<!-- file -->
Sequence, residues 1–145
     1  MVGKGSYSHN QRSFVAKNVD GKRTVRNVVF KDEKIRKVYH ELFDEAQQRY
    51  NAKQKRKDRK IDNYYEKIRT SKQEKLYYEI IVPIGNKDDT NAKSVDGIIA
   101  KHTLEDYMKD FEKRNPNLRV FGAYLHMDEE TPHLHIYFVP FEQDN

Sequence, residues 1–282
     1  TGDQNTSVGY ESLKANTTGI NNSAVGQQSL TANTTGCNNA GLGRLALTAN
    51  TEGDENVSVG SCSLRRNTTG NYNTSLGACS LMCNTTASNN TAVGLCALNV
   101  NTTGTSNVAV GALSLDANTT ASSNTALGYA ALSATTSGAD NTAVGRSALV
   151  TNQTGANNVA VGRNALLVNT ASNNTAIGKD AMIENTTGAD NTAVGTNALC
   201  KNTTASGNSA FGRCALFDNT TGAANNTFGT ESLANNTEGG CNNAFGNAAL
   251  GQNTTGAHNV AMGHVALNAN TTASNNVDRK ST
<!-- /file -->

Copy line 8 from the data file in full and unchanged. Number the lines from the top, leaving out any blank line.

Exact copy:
   101  NTTGTSNVAV GALSLDANTT ASSNTALGYA ALSATTSGAD NTAVGRSALV